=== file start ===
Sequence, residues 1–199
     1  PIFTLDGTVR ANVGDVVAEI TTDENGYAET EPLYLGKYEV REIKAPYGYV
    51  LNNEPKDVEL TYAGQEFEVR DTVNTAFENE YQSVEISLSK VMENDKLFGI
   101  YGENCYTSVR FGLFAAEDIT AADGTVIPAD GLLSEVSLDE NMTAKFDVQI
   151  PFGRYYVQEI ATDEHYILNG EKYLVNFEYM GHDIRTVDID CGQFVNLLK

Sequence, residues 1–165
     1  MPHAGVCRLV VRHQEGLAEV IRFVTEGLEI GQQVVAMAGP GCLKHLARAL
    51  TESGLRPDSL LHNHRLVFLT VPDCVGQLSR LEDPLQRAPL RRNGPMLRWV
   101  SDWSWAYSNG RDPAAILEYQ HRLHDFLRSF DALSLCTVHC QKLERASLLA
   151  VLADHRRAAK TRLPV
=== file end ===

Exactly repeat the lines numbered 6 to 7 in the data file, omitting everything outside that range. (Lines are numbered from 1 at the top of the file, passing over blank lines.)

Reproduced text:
Sequence, residues 1–165
     1  MPHAGVCRLV VRHQEGLAEV IRFVTEGLEI GQQVVAMAGP GCLKHLARAL